* By 1763 the same story (by now involving a hundred-pound note) had come to be retailed of her rival, Kitty Fisher: Giacomo Casanova, Memoirs of My Life, transl. Willard R. Trask, 12 vols (1970), ix. 308.

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45. A tiny engraving of the courtesan Kitty Fisher, made to be carried around inside a pocket watch (c. 1759).

human life’, had come to be regarded as an ode to Sally Salisbury. Half a century later, her life-story remained a staple of travelling puppet- shows, on a par with Dick Whittington and his Cat. Her successors were referred to in countless plays, verses, and essays. Their names were appropriated for everything from songs and tunes to items of fur­niture. Even homosexual prostitutes used them. Their influence was also apparent in fashion, so that reputable women were said to copy ‘the Kitty Fisher style’, or to appear in a ‘Fanny Murray cap’. It even introduced a new practice in the naming of racehorses, which before 1700 had rarely been called after individuals of any kind, let alone scandalous ones. In the 1730s, several thoroughbreds called ‘Sally Salisbury’ competed at meetings across the country. In later decades, well-known competitors and broodmares in England and North Amer­ica included ‘Fanny Murray’, ‘Kitty Fisher’, and ‘Nancy Dawson’.13[38]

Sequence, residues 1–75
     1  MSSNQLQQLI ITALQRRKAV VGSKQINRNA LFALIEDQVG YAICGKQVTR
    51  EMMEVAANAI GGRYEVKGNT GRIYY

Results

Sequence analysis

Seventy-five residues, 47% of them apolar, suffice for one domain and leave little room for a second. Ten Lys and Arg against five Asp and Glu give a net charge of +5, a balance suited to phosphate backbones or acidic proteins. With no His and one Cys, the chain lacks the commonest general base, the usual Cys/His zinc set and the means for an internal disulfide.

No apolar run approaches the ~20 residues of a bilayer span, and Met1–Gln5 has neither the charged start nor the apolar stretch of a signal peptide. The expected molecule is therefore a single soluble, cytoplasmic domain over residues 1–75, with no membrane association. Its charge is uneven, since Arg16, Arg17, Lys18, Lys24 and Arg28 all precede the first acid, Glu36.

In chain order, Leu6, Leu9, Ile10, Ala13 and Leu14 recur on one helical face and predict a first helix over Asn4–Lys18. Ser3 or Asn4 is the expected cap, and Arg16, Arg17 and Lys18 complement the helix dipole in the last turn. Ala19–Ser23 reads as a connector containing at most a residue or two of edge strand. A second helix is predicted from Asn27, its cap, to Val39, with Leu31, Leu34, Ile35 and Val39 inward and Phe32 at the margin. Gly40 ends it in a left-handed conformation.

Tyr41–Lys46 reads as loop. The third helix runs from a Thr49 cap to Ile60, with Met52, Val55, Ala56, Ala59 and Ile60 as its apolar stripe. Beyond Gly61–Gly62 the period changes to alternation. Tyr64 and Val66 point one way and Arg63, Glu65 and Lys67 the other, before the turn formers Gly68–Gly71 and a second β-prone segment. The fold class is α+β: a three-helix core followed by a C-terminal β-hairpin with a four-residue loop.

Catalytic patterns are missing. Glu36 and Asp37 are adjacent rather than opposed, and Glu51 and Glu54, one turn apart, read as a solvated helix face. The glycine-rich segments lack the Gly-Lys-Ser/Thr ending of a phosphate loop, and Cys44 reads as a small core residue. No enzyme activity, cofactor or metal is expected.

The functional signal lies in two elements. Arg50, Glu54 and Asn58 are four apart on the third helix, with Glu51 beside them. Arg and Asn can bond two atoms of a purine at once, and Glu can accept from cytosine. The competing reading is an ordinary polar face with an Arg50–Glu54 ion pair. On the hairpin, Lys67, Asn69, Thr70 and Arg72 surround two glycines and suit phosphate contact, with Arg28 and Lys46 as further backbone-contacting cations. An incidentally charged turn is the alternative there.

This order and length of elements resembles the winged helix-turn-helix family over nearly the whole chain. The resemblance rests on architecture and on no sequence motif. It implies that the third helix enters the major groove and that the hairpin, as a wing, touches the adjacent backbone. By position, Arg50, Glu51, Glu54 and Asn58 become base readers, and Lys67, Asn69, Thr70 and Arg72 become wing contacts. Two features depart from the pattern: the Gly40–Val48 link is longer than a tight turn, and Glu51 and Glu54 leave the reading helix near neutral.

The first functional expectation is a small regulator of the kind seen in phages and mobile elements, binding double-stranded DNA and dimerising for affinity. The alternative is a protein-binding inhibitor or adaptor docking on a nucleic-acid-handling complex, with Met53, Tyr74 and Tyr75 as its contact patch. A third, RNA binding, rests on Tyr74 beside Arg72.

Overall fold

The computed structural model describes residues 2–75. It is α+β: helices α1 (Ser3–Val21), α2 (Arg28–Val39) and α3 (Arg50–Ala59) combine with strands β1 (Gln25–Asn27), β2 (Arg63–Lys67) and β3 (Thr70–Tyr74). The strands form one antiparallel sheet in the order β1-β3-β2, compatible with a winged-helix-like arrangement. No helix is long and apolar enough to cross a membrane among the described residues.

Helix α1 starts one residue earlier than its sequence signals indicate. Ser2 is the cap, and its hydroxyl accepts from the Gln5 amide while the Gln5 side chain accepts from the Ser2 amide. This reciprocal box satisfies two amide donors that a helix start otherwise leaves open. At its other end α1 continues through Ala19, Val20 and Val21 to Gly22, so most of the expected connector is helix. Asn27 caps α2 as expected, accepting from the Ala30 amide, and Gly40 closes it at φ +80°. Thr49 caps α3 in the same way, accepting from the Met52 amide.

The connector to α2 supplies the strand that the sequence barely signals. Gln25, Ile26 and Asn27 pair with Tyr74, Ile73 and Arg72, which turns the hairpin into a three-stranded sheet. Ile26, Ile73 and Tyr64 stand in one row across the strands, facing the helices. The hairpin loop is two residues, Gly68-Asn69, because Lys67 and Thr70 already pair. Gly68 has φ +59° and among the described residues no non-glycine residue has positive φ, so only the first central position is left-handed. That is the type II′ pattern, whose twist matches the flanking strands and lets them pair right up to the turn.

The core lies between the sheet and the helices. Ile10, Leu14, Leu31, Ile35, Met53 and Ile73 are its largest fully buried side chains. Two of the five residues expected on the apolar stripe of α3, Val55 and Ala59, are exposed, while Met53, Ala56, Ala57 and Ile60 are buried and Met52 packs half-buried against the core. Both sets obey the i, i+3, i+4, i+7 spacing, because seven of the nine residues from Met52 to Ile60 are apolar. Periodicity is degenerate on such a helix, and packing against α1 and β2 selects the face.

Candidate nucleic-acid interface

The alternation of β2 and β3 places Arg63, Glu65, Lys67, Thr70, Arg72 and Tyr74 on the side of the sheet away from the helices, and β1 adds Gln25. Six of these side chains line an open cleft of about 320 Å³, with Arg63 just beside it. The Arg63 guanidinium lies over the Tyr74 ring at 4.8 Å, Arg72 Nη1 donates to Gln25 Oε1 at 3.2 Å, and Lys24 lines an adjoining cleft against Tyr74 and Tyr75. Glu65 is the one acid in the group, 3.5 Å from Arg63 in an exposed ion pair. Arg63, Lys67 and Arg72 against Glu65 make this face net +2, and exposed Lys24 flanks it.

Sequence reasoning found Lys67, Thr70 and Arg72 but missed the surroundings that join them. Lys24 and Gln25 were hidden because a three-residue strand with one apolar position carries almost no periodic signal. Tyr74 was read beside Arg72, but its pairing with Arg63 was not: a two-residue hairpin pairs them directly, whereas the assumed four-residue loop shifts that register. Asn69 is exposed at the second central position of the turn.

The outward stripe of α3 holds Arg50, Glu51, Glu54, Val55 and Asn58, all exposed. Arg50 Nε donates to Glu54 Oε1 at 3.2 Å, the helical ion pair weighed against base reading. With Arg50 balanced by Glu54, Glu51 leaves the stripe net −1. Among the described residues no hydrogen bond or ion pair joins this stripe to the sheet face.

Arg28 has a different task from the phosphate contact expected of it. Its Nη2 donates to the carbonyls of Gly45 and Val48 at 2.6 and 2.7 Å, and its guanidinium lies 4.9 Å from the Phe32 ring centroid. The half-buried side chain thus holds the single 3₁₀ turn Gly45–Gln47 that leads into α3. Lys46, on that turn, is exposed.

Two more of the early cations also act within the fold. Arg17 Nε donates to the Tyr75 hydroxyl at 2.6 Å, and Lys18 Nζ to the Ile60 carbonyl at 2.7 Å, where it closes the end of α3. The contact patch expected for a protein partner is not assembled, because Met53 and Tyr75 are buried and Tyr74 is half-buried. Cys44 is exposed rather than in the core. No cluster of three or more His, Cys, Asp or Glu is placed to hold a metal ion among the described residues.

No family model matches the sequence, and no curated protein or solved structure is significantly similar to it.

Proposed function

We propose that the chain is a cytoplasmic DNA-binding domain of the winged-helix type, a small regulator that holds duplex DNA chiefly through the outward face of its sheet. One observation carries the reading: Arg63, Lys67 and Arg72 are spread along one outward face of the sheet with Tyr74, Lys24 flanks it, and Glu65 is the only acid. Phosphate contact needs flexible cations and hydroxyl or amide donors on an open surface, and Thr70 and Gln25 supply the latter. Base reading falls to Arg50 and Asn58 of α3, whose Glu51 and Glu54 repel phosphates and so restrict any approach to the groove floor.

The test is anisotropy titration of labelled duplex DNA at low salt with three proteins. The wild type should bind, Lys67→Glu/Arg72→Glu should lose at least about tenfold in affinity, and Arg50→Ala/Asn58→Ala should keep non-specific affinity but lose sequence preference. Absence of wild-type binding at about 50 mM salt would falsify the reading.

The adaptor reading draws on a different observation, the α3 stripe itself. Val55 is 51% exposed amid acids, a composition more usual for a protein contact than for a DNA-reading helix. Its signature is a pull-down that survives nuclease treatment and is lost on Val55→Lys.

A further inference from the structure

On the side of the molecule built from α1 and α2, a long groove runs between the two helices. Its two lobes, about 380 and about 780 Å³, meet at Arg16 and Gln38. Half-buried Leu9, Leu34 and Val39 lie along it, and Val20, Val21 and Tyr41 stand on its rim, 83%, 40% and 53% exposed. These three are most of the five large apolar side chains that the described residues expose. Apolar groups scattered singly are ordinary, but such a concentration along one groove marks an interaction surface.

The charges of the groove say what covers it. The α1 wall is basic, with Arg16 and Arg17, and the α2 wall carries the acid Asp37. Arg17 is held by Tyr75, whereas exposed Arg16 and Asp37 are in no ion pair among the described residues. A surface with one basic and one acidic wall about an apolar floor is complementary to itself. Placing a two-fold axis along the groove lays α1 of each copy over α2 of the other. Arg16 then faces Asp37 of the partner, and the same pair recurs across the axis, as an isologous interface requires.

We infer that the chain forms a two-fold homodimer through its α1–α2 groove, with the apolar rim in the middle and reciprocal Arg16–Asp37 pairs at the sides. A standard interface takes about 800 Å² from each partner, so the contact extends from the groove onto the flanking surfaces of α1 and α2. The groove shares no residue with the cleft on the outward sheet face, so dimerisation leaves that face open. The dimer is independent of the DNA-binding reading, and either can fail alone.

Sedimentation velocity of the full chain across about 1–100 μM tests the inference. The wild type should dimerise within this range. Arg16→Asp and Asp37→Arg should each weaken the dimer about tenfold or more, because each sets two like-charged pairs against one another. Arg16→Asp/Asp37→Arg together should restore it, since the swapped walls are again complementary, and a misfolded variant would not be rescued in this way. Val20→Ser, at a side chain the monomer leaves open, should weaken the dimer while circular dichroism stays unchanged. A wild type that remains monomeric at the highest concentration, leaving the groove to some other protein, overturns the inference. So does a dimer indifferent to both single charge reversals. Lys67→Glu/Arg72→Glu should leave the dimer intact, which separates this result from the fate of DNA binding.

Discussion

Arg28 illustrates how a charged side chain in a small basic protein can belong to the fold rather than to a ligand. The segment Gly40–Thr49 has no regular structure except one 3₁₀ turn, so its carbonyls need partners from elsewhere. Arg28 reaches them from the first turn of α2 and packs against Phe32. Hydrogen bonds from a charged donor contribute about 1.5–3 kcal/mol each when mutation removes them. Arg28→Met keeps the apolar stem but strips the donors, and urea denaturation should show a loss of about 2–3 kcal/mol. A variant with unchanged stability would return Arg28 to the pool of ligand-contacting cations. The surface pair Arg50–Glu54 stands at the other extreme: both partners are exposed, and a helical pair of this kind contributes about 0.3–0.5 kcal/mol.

Today the celebrity associated with sexual scandal is undoubtedly greater and more ubiquitous than ever before. Pornography of various kinds has become a major global industry. Across the western world, countless people achieve fame by publicizing their sexual exploits or revealing those of others. Publishers and broadcasters cater to an apparently insatiable public interest in the salacious details of people’s private lives: the fascination with sex and fame is an inescapable fact of our culture. Because it is most forcefully perpetuated by compara­tively recent inventions such as photo-magazines, television, and the internet, we tend to think of this as a quintessentially contemporary phenomenon. In fact, the foundations of this modern obsession were laid in the eighteenth century.